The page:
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Climate Change May Counteract Cooling Effect of Powerful Volcanic Eruptions

Nov 17, 2016 04:41 AM EST

A new study from the University of British Columbia revealed that global warming brought about by climate change may counteract the cooling effect of volcanic eruption in the next century.

The study, published in the Journal of Geophysical Research-Atmospheres, showed that warming temperatures will make the lower levels of the atmosphere to expand. As a result of the expansion, sulfur gases released during a volcanic eruption will have a hard time reaching a layer called stratosphere.

"Volcanic eruptions tend to counteract global warming but as the planet heats up and our atmosphere changes, we've found that fewer eruptions will be able to reflect the sun's radiation," explained Thomas Aubry, a PhD student studying climate and volcanoes and lead author of the study, in a press release. "It will be harder for the volcanic gasses to reach high enough into atmosphere to help cool the planet."

For the study, the researchers calculated the impact of volcanic gases by analyzing models of volcanic eruptions and global climate. The researchers found that the present trend of global warming could decrease the amount of volcanic sulfur gases in the stratosphere by 2 to 12 percent in the next 100 years. Furthermore, The researchers predict that decrease of sulfur gases in the stratosphere will reach about 12 to 25 percent by the end of 22nd and 23rd centuries.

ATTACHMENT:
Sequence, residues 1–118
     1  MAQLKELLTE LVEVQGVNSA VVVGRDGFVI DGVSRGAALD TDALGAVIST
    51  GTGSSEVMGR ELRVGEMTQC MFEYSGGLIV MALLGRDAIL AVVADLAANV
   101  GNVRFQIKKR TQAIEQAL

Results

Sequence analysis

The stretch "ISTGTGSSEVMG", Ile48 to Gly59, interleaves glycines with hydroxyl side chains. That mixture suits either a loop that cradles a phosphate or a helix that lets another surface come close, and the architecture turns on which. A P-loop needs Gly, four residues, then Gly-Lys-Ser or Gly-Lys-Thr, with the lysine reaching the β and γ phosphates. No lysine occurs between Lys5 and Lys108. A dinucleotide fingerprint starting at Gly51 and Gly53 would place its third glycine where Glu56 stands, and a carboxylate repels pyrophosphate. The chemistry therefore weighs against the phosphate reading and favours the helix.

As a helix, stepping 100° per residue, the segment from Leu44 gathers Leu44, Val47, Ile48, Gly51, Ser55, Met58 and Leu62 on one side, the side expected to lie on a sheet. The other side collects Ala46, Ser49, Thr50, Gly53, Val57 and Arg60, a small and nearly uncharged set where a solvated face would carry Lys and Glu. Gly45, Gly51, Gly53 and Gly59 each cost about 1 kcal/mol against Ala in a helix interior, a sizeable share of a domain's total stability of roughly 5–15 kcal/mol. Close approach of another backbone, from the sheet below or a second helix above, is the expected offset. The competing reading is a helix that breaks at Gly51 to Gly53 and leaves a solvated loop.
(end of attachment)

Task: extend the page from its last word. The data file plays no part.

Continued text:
The stratosphere is about 10 to 15 kilometers from the Earth's surface. Volcanic sulfur gases that reached the stratosphere will react with water to from aerosol particles. These particles can linger in the stratosphere for one or two years, reflecting sunlight and heat back to the space and cooling the planet in the process.

However, global warming could limit how high the volcanic sulfur gases could reach. In the lower levels of troposphere, volcanic sulfur gas can quickly turned into aerosols and clouds and precipitate back down to Earth as rain or snow, losing its long-term cooling effect on the planet.

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